Then just transition him away from the flirty girl into a single lifestyle and he will date again. If at some point he discovers your manipulation, add violence until all parties are quiet.
Well, if she's openly bigoted then I've got say heis one too. Seriously, if he thought her crapola was bad he probably wouldn't touch her with a ten foot pole. MBFW just hasn't realized that his best friend is a douche-canoe.
I agree with your point #72, even if it was a little different than the example I gave. I was thinking more that he might be comfortable with her behavior/views because it/they seemed familiar to him, i.e. similar to something a parent might have expressed. But I totally support your concept. He might be happy to share her viewpoint but put her in the position of the "bad guy" who's open about it. I would hope not, but you never know.
Love is not the prize. Love is the game, for which the prize is wisdom. Wisdom is action. Tell your friend you think he should pass on the love that disables him.
Better they break up now, then later. You don't want him to come up to his senses after a year of shitty marriage only to find that there's early termination fee equivalent to roughly half his shit. Get the rest of the crew to back you up, and you can all go confront him together at his place of work or whatever.

Hire a prostitute to seduce your friend. Take pictures or video to send to the fiance. Be there for him when she dumps his ass.
I am in a similar situation. Though, I have to say, it's not marriage so it's less severe. But the girl is a bitch and literally no one likes her, my friend doesn't seem happy around her, but knowing him it's not so much about being around as it is in. I think he thinks he can't do better.

But our friends have adopted a different party line. We don't say shit because I don't know a guy alive who wouldn't ditch his friends for a girl. Not because guys are dicks, rather because we're stupid for love. I think the situation is kind of hopeless. You can bring it up, but all that will likely happen is the end of the relationship between him and his friend.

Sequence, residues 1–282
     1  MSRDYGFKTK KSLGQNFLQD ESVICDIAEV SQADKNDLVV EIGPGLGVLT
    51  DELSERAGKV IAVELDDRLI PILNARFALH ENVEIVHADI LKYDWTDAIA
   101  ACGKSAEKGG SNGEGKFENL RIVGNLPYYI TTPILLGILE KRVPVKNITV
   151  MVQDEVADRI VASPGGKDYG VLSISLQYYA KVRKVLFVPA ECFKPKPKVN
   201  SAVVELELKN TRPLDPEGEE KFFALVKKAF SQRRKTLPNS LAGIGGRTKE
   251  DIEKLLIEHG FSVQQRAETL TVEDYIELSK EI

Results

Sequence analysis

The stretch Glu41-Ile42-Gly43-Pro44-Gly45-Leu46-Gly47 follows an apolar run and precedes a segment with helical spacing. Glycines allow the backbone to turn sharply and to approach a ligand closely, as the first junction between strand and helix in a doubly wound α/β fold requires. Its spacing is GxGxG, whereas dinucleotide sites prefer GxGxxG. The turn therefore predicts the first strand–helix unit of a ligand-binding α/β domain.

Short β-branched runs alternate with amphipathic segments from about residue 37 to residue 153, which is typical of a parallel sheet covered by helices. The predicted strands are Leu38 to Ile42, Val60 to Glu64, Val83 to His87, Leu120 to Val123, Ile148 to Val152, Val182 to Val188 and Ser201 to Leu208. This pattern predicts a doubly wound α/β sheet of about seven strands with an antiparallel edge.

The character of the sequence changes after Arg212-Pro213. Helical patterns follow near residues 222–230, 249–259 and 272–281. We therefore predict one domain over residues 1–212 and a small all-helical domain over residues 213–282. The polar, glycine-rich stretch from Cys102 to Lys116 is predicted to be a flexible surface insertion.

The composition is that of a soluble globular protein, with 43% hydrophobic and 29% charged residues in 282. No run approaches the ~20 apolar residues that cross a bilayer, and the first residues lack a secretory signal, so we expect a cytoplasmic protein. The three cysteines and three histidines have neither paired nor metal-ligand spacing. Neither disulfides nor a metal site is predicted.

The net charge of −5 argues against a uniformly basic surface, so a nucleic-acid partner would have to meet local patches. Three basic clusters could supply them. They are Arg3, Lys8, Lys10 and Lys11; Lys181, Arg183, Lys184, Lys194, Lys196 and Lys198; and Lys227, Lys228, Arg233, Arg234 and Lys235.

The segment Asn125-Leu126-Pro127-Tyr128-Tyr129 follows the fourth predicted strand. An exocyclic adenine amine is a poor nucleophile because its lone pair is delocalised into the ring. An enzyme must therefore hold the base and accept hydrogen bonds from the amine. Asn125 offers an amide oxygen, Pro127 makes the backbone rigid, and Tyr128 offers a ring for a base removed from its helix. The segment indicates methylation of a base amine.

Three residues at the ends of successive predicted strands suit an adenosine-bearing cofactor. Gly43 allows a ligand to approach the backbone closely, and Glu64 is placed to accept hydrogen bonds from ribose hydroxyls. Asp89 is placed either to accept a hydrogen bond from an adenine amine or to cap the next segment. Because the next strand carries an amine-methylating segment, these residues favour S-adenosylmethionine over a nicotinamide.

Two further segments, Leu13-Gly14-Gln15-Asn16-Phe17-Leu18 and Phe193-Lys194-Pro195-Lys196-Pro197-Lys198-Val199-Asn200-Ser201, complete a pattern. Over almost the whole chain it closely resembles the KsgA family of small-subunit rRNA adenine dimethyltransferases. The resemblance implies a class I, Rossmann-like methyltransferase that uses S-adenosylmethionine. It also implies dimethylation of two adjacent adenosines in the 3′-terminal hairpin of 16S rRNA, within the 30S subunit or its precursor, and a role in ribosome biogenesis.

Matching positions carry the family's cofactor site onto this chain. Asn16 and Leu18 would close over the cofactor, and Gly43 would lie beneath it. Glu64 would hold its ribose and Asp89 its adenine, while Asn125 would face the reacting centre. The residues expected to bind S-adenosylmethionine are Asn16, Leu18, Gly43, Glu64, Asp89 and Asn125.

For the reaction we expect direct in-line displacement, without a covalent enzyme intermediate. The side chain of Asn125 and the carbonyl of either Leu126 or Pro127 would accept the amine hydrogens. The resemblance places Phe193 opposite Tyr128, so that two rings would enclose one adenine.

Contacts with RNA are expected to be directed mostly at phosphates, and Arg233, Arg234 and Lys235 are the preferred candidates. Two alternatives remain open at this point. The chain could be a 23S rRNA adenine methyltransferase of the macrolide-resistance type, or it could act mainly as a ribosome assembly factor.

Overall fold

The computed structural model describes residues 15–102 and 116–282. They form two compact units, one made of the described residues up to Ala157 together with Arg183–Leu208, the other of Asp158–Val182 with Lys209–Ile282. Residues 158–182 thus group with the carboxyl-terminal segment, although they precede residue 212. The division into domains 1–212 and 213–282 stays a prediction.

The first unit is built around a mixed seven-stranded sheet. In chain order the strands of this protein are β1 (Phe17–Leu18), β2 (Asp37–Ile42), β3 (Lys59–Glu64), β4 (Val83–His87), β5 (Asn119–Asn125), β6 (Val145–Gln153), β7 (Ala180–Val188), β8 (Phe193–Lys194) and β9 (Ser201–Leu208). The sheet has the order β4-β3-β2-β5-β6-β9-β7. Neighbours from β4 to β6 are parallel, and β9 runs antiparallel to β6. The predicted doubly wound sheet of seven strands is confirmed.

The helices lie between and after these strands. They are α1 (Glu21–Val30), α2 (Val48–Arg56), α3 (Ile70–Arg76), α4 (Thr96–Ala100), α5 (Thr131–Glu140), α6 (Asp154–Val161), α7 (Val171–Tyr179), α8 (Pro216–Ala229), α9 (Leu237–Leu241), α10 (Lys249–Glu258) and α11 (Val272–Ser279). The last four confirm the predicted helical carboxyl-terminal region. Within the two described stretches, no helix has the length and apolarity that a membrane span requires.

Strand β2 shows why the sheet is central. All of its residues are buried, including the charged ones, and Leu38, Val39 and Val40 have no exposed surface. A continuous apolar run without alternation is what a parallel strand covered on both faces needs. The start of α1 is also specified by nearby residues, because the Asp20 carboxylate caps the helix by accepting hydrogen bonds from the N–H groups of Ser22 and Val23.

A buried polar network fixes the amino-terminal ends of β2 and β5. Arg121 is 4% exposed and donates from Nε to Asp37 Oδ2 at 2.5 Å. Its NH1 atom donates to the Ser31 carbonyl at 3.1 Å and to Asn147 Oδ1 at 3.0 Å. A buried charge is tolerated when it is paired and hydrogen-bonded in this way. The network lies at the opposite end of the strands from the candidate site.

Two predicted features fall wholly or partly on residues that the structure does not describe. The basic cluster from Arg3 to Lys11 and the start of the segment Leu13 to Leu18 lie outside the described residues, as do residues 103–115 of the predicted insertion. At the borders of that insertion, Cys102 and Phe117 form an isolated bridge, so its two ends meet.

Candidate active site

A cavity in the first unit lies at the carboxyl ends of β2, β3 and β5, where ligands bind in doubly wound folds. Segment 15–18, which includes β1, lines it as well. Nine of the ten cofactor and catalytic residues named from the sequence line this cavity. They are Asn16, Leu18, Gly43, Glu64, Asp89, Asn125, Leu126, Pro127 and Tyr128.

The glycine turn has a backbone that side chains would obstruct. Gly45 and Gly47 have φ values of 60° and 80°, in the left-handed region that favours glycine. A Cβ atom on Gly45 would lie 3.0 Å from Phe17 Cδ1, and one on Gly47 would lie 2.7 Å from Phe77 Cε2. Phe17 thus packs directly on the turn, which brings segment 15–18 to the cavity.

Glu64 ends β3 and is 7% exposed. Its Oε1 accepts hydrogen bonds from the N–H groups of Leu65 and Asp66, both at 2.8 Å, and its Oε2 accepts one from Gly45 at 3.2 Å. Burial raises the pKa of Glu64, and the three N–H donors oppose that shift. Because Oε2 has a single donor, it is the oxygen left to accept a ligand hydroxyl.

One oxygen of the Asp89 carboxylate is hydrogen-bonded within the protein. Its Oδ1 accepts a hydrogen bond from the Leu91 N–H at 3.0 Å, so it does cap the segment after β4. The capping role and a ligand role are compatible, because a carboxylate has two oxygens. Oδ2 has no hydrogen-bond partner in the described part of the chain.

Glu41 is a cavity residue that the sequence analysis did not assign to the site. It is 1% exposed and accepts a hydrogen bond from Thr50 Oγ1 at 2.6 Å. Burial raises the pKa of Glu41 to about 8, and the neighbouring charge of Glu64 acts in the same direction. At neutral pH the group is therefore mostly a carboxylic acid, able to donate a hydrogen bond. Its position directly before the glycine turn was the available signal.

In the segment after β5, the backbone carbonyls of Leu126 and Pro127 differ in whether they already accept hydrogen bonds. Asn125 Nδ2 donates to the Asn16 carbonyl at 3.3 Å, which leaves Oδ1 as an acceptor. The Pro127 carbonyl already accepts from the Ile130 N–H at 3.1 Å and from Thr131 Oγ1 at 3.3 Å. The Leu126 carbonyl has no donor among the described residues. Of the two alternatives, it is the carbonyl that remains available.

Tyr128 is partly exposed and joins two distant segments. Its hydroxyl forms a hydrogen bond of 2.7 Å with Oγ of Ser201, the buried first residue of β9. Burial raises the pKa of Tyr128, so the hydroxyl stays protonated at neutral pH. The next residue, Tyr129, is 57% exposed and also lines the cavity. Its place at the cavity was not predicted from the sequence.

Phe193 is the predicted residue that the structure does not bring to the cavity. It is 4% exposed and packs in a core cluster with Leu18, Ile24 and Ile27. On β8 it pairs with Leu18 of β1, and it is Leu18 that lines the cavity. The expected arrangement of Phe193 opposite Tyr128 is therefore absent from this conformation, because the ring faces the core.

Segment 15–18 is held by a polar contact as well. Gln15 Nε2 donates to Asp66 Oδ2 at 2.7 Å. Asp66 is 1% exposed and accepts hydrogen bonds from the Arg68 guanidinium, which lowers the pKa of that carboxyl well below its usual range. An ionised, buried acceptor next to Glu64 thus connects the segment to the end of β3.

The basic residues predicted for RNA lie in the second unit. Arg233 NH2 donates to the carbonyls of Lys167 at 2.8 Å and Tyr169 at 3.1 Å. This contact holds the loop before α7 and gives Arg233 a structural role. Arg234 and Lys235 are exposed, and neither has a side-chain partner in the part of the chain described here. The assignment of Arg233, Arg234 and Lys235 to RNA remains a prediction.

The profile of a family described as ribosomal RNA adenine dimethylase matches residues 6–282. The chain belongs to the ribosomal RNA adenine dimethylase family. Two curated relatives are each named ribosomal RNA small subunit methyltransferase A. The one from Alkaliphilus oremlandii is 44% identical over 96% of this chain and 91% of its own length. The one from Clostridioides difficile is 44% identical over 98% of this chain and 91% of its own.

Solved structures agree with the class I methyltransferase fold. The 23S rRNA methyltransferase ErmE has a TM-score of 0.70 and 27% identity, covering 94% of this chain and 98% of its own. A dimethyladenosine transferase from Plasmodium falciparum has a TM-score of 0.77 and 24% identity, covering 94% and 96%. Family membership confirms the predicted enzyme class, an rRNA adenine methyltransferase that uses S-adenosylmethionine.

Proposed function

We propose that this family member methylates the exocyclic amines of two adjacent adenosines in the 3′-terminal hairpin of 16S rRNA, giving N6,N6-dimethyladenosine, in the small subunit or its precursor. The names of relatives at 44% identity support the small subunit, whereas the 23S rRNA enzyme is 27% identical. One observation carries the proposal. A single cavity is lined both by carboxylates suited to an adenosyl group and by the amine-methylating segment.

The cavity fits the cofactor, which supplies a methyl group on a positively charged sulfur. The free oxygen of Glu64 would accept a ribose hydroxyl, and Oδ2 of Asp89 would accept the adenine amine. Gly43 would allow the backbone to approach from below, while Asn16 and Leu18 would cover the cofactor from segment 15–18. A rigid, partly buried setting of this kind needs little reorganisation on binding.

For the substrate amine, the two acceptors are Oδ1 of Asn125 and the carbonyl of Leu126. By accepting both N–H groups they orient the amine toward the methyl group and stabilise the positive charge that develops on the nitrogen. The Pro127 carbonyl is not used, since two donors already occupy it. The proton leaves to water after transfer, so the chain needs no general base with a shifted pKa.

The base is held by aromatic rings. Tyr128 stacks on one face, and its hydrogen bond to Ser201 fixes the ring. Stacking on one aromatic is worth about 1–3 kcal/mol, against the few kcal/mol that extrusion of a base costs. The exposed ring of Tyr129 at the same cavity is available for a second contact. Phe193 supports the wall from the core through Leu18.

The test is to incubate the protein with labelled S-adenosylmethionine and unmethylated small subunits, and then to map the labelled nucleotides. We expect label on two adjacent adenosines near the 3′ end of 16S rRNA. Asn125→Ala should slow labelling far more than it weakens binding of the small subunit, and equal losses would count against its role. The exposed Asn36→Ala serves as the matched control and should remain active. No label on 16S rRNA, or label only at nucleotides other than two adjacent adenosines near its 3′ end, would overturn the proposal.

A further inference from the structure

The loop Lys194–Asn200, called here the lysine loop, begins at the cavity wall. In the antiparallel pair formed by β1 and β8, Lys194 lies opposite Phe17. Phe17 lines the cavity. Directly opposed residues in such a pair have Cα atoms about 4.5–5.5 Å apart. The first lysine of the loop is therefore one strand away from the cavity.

Telling said friend that he's marrying a bitch and backing out of the ceremony won't work. It might salve your conscience and give you I-told-you-so rights, if you care about that.

He's made a decision to marry her, if he's not totally equivocal about it he won't be persuaded. If you want to actually help, focus on her behavior and call her on it when she's transgressing. Supporting your friend might be a lot more troublesome or tiring than telling him what to do and who with, but suck it up, buttercup.
Telling said friend that he's marrying a bitch and backing out of the ceremony won't work. It might salve your conscience and give you I-told-you-so rights, if you care about that.

He's made a decision to marry her, if he's not totally equivocal about it he won't be persuaded. If you want to actually help, focus on her behavior and call her on it when she's transgressing. Supporting your friend might be a lot more troublesome or tiring than telling him what to do and who with, but suck it up, buttercup.
Tell the bitch from hell what he said: that he is marrying her because he "owed it to her." If possible, let it slip in front of a lot of witnesses. I'm guessing her ego will latch onto that, and her pride will do the rest. Once she dumps him for so manifestly dissing their relationship, he's free and clear.
Tell your friend that he can just go home and tell her it's time for her to leave. Like this: The next time she's going off at him, or whoever else, just tell him to say the following: "I think it's time for you to leave." Do not, under any circumstances, let them get married. It will only get worse.

Please wait...

Comments are closed.

Commenting on this item is available only to members of the site. You can sign in here or create an account here.

Add a comment

By posting this comment, you are agreeing to our Terms of Use.